3 Characteristics of a Successful Tax Firm Marketing Strategy

Many tax professionals live via a “boom and bust” cycle. In order to break out of this cycle of doing work for a client, then having to find another client in order to put food on the table, a successful tax firm utilizes a marketing strategy comprised of three distinct components. In today’s article, we’re going to discuss each of those components.

First of all, the marketing strategy utilized by a successful tax firm is planned. In other words, it’s not a random assortment of marketing efforts with no cohesion. A real marketing plan might consist of multiple, individual marketing campaigns, but they all have a fairly universal message, look, and feel.

The smart tax professional is not swayed by the latest slick advertising salesman from the local newspaper, radio, or television outlet to buy ad space that is inconsistent with their plan. Planning allows you to set goals, set budgets, and track and measure the effectiveness of each piece of your marketing strategy along the way.

Second, any marketing strategy, in order to be successful, needs to be consistent. Successful marketers are persistent and consistent marketers, and one of the key things for you to understand is that, as the owner of a professional practice, your first job is NOT accounting…not taxes…not bookkeeping. Your primary job is to bring in clients….to generate revenue….Because if you have no clients and no revenue, there is no tax and accounting work to be done in the first place.

Therefore, your first job is marketing and sales (I lump these two together, because they are two components of the same thing). Consistent marketing, rather than starting and stopping, is critical to the success of a marketing plan. Without consistency, you’re not really following a plan, as discussed above, nor are you really able to effectively track and measure things, which is discussed next.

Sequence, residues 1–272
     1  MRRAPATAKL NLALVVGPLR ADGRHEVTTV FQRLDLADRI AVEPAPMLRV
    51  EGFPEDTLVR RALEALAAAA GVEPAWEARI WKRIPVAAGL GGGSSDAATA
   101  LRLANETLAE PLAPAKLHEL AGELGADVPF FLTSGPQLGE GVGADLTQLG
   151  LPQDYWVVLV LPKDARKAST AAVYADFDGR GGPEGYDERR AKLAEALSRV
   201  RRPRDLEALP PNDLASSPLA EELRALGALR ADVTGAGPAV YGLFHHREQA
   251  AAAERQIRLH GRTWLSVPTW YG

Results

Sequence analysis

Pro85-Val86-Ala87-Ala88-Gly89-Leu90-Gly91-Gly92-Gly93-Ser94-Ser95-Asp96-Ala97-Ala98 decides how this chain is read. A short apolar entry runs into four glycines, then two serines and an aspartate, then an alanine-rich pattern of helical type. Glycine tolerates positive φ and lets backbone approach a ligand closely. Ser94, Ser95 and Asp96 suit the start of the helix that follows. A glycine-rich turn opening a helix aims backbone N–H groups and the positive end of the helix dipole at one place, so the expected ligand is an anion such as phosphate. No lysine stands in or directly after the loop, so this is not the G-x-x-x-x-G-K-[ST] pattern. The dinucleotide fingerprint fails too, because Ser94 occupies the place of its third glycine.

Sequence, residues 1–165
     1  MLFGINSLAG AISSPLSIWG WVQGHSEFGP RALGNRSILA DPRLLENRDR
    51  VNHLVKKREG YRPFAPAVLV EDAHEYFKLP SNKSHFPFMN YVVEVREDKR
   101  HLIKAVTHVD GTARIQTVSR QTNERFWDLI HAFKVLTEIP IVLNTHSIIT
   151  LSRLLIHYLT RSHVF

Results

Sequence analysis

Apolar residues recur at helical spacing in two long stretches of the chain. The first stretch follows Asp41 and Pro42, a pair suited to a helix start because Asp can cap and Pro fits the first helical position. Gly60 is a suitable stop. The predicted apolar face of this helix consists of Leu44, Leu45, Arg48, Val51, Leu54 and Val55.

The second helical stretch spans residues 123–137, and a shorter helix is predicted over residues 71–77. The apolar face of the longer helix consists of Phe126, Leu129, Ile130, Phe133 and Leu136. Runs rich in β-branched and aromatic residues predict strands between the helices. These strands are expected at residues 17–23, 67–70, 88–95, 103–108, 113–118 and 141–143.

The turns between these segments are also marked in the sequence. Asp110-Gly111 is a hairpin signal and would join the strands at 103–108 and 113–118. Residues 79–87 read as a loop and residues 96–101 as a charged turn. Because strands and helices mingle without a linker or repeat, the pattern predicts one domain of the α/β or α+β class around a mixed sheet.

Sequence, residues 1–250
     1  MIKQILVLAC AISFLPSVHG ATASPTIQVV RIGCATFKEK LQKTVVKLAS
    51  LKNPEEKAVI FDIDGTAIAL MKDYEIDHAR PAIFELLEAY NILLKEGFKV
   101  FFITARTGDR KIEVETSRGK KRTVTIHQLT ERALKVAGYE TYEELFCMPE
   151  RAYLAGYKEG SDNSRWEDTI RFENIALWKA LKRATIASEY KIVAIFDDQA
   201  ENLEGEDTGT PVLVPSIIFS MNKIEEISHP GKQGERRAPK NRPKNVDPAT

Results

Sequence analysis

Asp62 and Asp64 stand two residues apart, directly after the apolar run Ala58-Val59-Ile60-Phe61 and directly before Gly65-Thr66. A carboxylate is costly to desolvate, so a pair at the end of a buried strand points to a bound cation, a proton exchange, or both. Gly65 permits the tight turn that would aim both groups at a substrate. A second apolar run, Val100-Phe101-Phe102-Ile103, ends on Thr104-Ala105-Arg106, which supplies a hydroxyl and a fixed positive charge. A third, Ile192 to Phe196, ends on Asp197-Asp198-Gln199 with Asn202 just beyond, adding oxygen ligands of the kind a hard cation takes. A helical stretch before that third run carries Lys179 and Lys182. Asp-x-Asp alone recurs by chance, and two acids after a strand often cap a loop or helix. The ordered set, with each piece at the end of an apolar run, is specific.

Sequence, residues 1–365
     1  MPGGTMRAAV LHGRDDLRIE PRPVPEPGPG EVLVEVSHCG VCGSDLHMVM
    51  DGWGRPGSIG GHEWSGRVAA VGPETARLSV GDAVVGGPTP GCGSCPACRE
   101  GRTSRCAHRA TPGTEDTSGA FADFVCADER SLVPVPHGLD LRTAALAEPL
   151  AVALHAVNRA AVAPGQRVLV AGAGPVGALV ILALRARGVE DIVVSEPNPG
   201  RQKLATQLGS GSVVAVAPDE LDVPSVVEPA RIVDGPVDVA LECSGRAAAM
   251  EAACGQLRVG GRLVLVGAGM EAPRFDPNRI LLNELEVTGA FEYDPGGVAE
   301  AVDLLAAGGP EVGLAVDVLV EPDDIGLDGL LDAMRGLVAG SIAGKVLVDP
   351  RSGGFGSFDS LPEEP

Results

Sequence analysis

The third characteristic of an effective marketing strategy for any tax firm is that the effect of your marketing must be measurable. PT Barnum, the circus guy, once said, “I know I’m wasting half of my advertising dollars. The problem is that I don’t know which half.” Don’t be PT Barnum. Every marketing dollar you spend must be held ruthlessly accountable for results.

Every piece of marketing you send out needs to have an offer that entices people to respond, and you must have a way of measuring that response. This type of marketing is generally referred to as “direct response” marketing, and for the professional practice, I firmly believe that it is the only type of marketing you should be doing. You should be able to track where every consultation, every client walking through your door comes from. Not only that, but you should know a variety of other important statistics regarding your marketing.

After all, we like numbers, right? So it should simply make sense to want to know where our marketing dollars are best applied, based on statistical comparison.

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